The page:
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A Flourishing Art Scene With the Visalia Arts Consortium

Aug 25, 2015 10:48PM ● Published by Brandi Barnett

Gallery: More Photos [4 Images] Click any image to expand.

A Brush Stroke of Genius

September 2015
By Fache Desrochers

As far as cultural yardsticks go, few things are better at measuring the depth and potential of a city than its art scene. And for good reason: the arts function as both a great elevator and equalizer, consolidating the personal outlooks, unique aspects and diverse elements of an area and its citizens into works that not only represent the local soil from which they sprung, but also return new richness back into it.
   
But all too often, art scenes face quite a struggle to hold their own in a city long enough to take root. Unlike traditional enterprises, the bottom line of a true artistic endeavor is not measured by how it fills the coffers, but by how it feeds the soul. For this reason, any municipality’s burgeoning art scene requires a kind of white knight who will work to secure the city’s creative legacy, support local artists and provide the community with ways to access and enjoy local culture. So if you are an artist, an art lover or simply a citizen of Visalia, rejoice. The Visalia Arts Consortium has your back, and then some.
   
The Consortium may be relatively young (it will enter its sixth year of operation in October), but it is particularly mighty, thanks to Visalia’s long-extant creative natives. “The art community here is really amazing, because with just a little bit of funding and support, our community really pulls together and that’s all we needed to take off,” says Executive Director Caroline Koontz.
   
The overarching goal of the Consortium is to create a climate where Visalia’s art scene can flourish, expand and ultimately be mobilized as a catalyst to bring the community together and incite positive change. “Our mission is to make the arts accessible and a part of everyday life,” explains Director of Development Erin Olm-Shipman. “We are finding creative solutions to problems, using creative outlets to address larger issues in the community and working to embed the arts into local education.”
   
The Consortium approaches the realization of its goals through a number of events that span the year. Its most well-known effort is perhaps Visalia’s classic First Friday. Featuring an ever-rotating series of stops, this event is serviced by the town trolley, which provides a guided tour of the evening’s different exhibitions as well as a charming (and free!) ride.
   
But this popular mainstay is only one way the Consortium has devised to drum up public enthusiasm for the arts. Springtime heralds the South Valley Artists’ studio tour, a three-day event where the public is invited to tour dozens of artists’ working spaces. And then there are the Consortium’s ongoing special projects, including the Urbanists Collective, the Visalia Opera Company and the Visalia Visual Chronicle: a publicly owned, privately funded art collection that rotates through different corporate spaces in Visalia. The current collection will be on display at downtown consulting firm Provost & Pritchard through the end of September. “It’s a great way for local businesses to promote and value creativity in the workplace,” explains Olm-Shipman. “That’s the goal of all our programs. We want to build a community that appreciates art and will support and take pride in their local artists.”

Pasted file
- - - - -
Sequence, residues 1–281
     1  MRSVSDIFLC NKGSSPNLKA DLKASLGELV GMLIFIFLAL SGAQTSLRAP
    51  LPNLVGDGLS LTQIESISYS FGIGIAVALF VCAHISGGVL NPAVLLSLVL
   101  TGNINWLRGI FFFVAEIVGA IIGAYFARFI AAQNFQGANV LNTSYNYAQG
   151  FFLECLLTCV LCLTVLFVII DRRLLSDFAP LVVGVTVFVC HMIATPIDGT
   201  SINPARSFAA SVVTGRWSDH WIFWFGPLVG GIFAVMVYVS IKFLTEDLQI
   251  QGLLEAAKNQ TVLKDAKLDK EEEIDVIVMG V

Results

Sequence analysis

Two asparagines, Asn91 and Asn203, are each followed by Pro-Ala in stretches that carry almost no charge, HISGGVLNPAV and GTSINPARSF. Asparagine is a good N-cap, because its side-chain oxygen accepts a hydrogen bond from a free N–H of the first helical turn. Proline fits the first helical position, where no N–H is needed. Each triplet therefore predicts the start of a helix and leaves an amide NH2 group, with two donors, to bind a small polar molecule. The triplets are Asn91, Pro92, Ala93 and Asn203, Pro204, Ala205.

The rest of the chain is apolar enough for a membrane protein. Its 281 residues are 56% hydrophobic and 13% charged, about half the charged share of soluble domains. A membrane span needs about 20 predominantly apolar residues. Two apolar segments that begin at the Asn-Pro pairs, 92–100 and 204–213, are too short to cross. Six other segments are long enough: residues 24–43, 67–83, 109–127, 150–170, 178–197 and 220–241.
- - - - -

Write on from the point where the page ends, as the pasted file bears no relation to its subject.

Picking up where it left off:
If First Friday is the Consortium’s bread and butter, the annual Taste the Arts event would be its birthday cake. October 17 marks the Consortium’s sixth annual event celebrating art cultivated in the Central Valley. “We call it ‘taste’ because it’s a chance for the public to sample a variety of art,” says Koontz. “We have literary artists, glass artists, woodworkers, painters, photographers, jewelry makers… you name it.”
   
Taste the Arts features approximately 70 artists set up on the street between Main and School, where they will demonstrate their mediums, sell their work and answer questions about their process. Taste the Arts also features some compelling group efforts, including interactive live painting by the Urbanists Collective, creative family activities by Pro-Youth HEART (rumor has it that this year’s activities will include robots), and many other hands-on activities that use a bit of structure and a lot of freedom to encourage patrons to be as creative as they want to be.
   
Thanks to the innovation, optimism and relentless support of the members of the Visalia Arts Consortium, there’s never been a better time to be an artist, art lover or citizen of Visalia. And if you’re interested in getting involved, the Consortium maintains an open invitation to drop by any membership meeting where you can meet your local art enthusiasts, support community efforts and help brainstorm ways to elevate the community’s creative culture for years to come.

Visalia Arts Consortium • (559) 802-3266
400 N. Church St., Visalia •  Open Tues-Fri 10am-3pm
www.artsconsortium.org • Find them on Facebook, Instagram and Twitter •

Taste of the Arts Street Fair, Oct. 17th, 2015, 11am-5pm


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